Self Fulfilling Prophecy at Church ⚡️

By Michael Mooney, Exec. Elder

The self-fulfilling prophecy is a false definition of a situation that results in behavior that makes the prediction come true.

Here are a few examples:

* A pastor takes a position at a new church.  Soon he picks a person from the crowd that seems to conflict with his own personality. After a few interactions with them he loses objectivity and concludes that they are a “troublemaker”. In time he begins to view all of their motives and intentions in this light.  Even though the person may or may not have ever been a trouble maker, as far as the pastor is concerned they live up to his profile of them as trouble.

* A department or store manager believes that a new employee is lazy because they have trouble meeting the company’s dress code by tucking their shirt in, etc.  The manager makes it a point to never assign the new employee any tasks of responsibility.  In time the manager concludes that the employee is not “management material” because they are lazy and therefore not promotable.

Earl Nightingale:

“We tend to live up to our expectations.”

Claude M. Bristol:

“We usually get what we anticipate.”

Proverbs 23:7

For as a man thinks in his heart, so is he

As leaders we should never forget Jesus’ words, “all things, whatever you desire that men should do to you, do even so to them” (Mat 7:12 MKJV).  It seems safe to say that the overwhelming majority of men and women in the world do not want to be misjudged as troublemakers, lazy, or anything else of the like.  If they do not want to be treated this way, we probably do not what to be treated this way either.  Let us be careful about the negative expectations we place on others; because we just might get what we expect, and what we expect may never have been what we wanted.  However, there is a good side to all of this.  Self fulfilling prophecies may also produce good results.  Therefore, leaders should expect good things of people, we just might get what we expect!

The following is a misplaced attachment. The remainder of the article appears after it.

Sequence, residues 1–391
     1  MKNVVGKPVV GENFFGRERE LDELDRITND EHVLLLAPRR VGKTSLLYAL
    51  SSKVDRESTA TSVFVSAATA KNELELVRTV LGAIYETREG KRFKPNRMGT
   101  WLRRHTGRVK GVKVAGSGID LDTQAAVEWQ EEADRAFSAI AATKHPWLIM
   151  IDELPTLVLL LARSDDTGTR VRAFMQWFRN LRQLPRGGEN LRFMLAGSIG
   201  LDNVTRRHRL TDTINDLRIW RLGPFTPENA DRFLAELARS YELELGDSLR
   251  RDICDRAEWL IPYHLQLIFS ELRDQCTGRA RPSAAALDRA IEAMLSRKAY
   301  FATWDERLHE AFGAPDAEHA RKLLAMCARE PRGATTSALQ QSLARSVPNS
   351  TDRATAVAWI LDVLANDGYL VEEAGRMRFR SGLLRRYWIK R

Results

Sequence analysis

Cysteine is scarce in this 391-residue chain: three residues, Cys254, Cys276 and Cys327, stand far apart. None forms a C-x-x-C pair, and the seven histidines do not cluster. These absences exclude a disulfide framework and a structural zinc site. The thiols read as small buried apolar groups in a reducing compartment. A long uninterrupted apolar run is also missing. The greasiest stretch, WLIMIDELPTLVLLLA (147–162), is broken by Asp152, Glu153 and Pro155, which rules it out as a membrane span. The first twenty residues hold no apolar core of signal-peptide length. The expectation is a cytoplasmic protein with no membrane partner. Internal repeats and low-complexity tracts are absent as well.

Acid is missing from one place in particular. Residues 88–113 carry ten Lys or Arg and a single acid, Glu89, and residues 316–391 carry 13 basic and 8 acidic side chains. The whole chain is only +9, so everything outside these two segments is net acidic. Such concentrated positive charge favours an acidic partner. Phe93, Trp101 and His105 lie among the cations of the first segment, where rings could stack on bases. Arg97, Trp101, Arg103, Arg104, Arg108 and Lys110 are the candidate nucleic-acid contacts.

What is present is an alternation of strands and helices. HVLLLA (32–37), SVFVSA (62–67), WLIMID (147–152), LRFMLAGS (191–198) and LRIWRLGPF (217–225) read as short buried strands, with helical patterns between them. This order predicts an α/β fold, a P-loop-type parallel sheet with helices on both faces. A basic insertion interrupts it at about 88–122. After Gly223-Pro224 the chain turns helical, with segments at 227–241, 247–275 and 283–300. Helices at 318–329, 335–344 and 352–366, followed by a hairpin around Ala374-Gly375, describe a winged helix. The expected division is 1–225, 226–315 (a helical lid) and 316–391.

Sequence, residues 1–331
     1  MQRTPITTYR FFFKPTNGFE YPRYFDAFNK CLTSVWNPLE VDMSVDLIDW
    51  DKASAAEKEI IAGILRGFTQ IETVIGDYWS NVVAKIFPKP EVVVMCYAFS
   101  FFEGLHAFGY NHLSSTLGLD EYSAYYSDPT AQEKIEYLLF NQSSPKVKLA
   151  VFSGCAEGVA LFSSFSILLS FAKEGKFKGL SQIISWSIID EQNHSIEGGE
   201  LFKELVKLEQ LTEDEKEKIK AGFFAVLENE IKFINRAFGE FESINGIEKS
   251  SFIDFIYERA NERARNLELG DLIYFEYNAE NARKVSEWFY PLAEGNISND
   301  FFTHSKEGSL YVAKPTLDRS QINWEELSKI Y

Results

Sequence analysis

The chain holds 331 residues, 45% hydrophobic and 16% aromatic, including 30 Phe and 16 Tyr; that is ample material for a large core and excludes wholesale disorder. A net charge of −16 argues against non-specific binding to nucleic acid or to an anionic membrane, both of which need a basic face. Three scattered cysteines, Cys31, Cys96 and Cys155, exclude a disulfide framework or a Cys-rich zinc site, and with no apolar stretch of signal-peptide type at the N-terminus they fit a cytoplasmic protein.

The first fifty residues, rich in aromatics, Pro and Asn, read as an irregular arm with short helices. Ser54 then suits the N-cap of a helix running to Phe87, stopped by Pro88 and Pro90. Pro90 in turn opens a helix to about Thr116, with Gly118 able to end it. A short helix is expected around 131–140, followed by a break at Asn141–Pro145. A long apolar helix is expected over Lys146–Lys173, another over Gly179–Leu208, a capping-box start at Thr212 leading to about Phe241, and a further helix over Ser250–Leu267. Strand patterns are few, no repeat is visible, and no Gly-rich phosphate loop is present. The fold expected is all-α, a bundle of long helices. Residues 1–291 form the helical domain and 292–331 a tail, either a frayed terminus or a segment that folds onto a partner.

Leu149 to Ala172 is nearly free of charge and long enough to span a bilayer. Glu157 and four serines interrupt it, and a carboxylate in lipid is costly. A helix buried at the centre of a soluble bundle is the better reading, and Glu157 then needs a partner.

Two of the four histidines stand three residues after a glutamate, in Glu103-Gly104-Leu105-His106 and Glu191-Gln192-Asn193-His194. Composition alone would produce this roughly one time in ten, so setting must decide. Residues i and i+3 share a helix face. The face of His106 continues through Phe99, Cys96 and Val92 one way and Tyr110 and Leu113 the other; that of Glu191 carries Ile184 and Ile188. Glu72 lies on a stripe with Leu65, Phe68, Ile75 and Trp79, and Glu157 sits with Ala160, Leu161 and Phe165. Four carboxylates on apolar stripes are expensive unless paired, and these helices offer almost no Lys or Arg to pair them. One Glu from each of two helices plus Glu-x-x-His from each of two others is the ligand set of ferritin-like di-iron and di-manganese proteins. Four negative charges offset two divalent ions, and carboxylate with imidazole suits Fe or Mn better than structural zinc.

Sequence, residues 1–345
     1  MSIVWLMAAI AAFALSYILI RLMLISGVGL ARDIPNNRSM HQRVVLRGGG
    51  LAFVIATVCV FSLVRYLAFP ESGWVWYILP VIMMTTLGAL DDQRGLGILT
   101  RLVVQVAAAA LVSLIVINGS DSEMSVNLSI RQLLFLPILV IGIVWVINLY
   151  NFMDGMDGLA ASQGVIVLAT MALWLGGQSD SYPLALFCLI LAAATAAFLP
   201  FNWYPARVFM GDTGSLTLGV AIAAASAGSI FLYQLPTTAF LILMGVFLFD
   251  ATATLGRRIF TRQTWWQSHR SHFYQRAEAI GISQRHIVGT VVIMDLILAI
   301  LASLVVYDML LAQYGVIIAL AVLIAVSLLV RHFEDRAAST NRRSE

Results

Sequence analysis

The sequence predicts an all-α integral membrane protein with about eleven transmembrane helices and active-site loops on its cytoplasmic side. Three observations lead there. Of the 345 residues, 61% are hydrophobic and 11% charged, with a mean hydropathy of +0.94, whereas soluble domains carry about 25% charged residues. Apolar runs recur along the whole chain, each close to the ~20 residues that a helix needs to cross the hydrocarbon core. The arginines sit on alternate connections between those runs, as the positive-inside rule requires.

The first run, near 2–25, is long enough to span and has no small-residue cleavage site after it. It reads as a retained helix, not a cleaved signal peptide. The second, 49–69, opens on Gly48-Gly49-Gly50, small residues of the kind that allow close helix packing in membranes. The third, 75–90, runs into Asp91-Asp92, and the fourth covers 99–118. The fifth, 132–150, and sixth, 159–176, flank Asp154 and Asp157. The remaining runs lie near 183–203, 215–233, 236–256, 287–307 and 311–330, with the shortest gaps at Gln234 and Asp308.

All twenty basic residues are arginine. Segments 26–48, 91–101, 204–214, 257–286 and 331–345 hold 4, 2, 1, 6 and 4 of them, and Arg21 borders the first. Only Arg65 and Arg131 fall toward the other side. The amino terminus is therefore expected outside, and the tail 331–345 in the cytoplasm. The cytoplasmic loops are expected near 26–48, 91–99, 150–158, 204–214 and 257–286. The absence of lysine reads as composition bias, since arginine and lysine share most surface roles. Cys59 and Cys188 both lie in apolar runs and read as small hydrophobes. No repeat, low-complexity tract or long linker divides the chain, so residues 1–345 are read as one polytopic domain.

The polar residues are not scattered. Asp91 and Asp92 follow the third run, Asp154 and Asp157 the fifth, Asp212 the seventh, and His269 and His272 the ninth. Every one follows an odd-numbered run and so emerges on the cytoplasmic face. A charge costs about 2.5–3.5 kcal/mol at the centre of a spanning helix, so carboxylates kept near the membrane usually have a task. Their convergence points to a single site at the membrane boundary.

4 thoughts on “Self Fulfilling Prophecy at Church ⚡️”

  1. Amen sister. Time for us to understand the only perfect one Is God. Only he can make his words to be true. As to 666 my last government computer was accounting number ending in 666. As an Associate Pastor and known outspoken Christian I was ask if I would take it. No issue gentlemen, He who is in me is greater than a number. I had no troubles with that computer for the years I had it. If we have not an open mind then the Holy Spirit has little to speak to us. We think we have learned when we have only begun, the earth is only kindergarten for Christians.

  2. I know the original post was posted a while ago, but since I just saw it…

    I think of these situations as examples of confirmation bias. You believe one thing, you make note of all the information that supports your belief (or that you interpret as supporting your belief) while ignoring information counter to your belief, and then believe there is overwhelming evidence that your belief is correct. Confirmation bias isn’t only applicable to people, but also objects and situations.